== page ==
Minnesota Lab Figures Out How to Tell Between Legal Hemp and Illegal Marijuana
by Dale Chappell
Medical marijuana is legal in the state of Minnesota, but recreational use is not. This causes problems for the state’s Hemp Pilot program, which licenses growers of hemp as long as the THC concentration stays below 0.3 percent. If the THC is greater than that, it’s considered marijuana, and it constitutes a crime.
“Since a hemp plant and a marijuana plant are the same species of plant, they would yield the same results” in a lab test for THC, the Midwest Regional Forensic Laboratory at the Anoka County Sheriff’s Office said in a statement. “This made our job difficult as we were unable to determine if an item was from a hemp plant or a marijuana plant with our current methods of testing.”
The lab has figured out a way to differentiate the THC in a hemp plant from a marijuana plant.
The new testing method, which went live March 25, 2020, gives law enforcement and prosecutors scientifically valid information that they need to either arrest someone for possessing marijuana or, much more importantly, not to arrest them if they are merely possessing legal hemp.
Since hemp can be used to make everything from food to lotions to sandals, there have been no regulations on the sale of hemp products. Being able to determine the THC purity level of a product gives law enforcement and the public more control over what’s being done with hemp products, some say.
“The Midwest Regional Forensic Laboratory is the first of eight accredited and publicly funded labs” to begin quantitative cannabis testing in the state, according to the publication Forensic.
More from this issue:
- Police State: From Social Justice to Social Dominance, by Michael Fortino, Ph.D
- Sixth Circuit Vacates Firearms Possession Conviction; Government Showed Jury Unauthenticated Prejudicial Facebook Video Not Admitted as Evidence, by Matthew Clarke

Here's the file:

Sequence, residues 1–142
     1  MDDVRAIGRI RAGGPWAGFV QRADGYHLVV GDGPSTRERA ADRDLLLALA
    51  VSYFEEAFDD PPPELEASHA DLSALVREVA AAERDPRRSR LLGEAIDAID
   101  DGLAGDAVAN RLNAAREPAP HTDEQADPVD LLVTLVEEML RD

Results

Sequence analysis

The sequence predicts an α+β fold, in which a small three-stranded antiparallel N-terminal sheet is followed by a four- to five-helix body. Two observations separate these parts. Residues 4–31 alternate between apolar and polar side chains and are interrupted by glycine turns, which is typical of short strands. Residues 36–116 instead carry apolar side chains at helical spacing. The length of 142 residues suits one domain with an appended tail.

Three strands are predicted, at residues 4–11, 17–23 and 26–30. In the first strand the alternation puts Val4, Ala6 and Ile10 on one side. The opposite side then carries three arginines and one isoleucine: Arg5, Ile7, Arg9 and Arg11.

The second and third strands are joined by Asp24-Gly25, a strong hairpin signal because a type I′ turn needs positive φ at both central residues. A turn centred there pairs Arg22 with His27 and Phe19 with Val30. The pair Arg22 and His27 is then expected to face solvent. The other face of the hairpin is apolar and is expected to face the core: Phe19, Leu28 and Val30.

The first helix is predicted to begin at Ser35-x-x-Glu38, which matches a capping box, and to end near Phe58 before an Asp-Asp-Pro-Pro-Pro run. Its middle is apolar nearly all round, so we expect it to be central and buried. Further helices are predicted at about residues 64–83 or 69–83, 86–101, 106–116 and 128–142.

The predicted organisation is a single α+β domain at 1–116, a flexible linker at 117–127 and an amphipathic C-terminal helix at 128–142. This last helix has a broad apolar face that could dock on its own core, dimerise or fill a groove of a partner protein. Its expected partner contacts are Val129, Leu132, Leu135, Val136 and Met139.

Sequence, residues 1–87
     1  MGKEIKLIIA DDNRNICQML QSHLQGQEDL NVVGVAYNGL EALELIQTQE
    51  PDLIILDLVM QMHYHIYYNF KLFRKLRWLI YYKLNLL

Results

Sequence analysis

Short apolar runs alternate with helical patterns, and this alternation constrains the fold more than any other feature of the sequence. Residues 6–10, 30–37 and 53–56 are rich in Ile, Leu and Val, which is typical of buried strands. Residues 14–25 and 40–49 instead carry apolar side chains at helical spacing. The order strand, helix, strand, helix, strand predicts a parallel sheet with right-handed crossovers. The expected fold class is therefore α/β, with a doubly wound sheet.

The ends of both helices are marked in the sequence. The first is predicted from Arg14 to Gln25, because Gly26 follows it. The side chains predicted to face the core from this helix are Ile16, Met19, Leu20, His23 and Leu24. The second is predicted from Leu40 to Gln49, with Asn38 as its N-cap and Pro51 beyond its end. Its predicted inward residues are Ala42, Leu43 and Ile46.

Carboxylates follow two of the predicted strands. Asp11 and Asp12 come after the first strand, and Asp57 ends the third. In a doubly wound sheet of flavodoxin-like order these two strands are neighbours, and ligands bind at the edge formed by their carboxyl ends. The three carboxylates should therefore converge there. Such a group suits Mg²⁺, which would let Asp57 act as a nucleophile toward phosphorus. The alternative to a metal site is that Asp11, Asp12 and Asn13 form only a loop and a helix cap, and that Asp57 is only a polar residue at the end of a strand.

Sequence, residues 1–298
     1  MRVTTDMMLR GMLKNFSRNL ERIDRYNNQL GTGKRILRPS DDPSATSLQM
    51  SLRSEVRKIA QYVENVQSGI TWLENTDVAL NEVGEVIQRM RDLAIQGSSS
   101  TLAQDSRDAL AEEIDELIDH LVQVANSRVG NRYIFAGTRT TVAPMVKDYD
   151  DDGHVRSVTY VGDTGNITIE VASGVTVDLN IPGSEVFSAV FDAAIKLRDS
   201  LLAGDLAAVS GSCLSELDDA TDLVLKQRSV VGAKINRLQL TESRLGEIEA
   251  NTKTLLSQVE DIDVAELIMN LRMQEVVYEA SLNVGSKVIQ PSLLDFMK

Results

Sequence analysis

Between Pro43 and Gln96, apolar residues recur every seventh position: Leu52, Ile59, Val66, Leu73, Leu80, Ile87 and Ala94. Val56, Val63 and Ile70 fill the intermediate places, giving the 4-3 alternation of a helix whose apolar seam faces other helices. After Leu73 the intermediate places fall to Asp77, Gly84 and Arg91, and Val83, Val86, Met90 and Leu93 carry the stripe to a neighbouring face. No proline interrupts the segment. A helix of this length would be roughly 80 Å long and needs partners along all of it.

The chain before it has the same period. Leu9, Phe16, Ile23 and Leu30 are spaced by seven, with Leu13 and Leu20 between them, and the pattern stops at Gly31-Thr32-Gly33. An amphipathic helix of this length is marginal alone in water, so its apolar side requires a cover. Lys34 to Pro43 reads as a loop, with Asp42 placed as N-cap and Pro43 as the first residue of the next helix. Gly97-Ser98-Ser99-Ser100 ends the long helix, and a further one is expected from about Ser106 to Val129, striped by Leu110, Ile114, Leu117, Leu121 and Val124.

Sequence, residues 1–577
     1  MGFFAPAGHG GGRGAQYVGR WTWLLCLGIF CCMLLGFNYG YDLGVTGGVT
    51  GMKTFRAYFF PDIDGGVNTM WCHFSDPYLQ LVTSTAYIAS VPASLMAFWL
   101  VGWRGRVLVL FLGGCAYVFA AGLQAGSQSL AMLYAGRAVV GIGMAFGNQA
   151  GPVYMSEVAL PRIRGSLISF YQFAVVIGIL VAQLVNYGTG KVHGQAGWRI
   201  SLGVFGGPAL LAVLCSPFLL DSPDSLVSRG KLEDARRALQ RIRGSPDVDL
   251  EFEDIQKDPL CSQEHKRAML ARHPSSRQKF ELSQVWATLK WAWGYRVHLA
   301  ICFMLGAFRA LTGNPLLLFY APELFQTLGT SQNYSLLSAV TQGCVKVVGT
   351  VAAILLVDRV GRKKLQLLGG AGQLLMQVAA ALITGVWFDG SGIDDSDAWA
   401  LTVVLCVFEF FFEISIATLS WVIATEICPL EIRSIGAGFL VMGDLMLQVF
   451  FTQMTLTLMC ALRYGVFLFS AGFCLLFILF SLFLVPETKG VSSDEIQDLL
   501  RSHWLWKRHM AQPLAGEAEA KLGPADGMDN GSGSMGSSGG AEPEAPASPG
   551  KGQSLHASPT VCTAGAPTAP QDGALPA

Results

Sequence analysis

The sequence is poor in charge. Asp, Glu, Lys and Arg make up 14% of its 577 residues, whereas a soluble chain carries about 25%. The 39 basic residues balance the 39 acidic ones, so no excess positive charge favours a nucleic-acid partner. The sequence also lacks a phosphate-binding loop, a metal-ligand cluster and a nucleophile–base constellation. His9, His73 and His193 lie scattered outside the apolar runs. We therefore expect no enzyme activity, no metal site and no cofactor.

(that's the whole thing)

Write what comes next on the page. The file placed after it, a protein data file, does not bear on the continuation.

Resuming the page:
- Tenth Circuit: Deputy ‘Trying to Help’ Doesn’t Make Search Permissible Under Community Caretaking Exception to Warrant Requirement, by Douglas Ankney
- Attacking the Guilty Plea: Establishing Prejudice in the Guilty Plea Context, by Dale Chappell
- Report Finds NYPD Officers Accidentally Deploy Tasers 25% of the Time, by Douglas Ankney
- California Supreme Court: § 459.5(b) Prohibits Charging Shoplifting and Theft for Same Property, by Douglas Ankney
- Fourth Circuit: IAC for Counsel’s Bad Advice That Open Plea Would Allow Appeal Denial of Motion to Suppress, by Dale Chappell
- Massachusetts Supreme Judicial Court: GPS Monitoring Unreasonable When It Doesn’t Further Any Governmental Interest, by Douglas Ankney
- D.C. Circuit Reverses Nearly 50-Year-Old Murder Conviction Over Faulty Hair Evidence, by Dale Chappell
- Minnesota Supreme Court: Non-Identifying Information About CI Must Be Disclosed Upon Request, by Anthony Accurso
- Michigan Supreme Court Announces Court Must Inform Defendant of Consecutive Sentencing Authority When Accepting Plea, by David Reutter
- Massachusetts Supreme Court: Officer’s Handling of Cellphone Exceeded Scope of Inventory Search, by Anthony Accurso
- Seventh Circuit Reverses Denial of Motion to Suppress Because Police Lacked Reasonable Suspicion to Frisk, by Douglas Ankney
- FOIA Redaction Limbo: How Low They Will Go, by Edward Lyon
- U.S. District Court Chooses Judicial Remedy, Instead of § 2255, to Allow Out-of-Time Appeal, by Dale Chappell
- California Court of Appeal: Trial Court Abused Discretion Denying Compassionate Release Where Statutory Criteria Are Met, by Dale Chappell
- Colorado Supreme Court: Warrant Allowing General Search of Cellphone Unconstitutional Violation of Particularity Requirement, by Douglas Ankney
- Eleventh Circuit Holds Georgia Terroristic Threats Conviction Overbroad for ACCA, by Dale Chappell
- Policing is irrelevant for public safety — but these alternatives are proven to work, by Justin Podur/Independent Media Institute, AlterNet.com
- Myth of Technology as an Equalizing Force in Criminal Justice, by Anthony Accurso
- Kansas Supreme Court: District Court Failed to Apprise Defendant of Right to Jury Trial, by Douglas Ankney
- Fourth Circuit Requests Further Information on Stingray Device to Determine Whether It Violates Fourth Amendment Rights, by Anthony Accurso
- Oklahoma Enacts Jailhouse Informant Law, Joins Other States, by Dale Chappell
- South Carolina Supreme Court Overturns Murder Conviction Where State Presented Improper Testimony Regarding Trace DNA Evidence, by Douglas Ankney
- Iowa Supreme Court Announces That ‘Good Cause’ in Newly Amended Appeals Statute Means ‘a Legally Sufficient Reason’, by Douglas Ankney
- South Carolina Supreme Court: State Cannot Appeal Guilty Plea, by David Reutter
- Two New Forensic DNA Standards Added to the OSAC Registry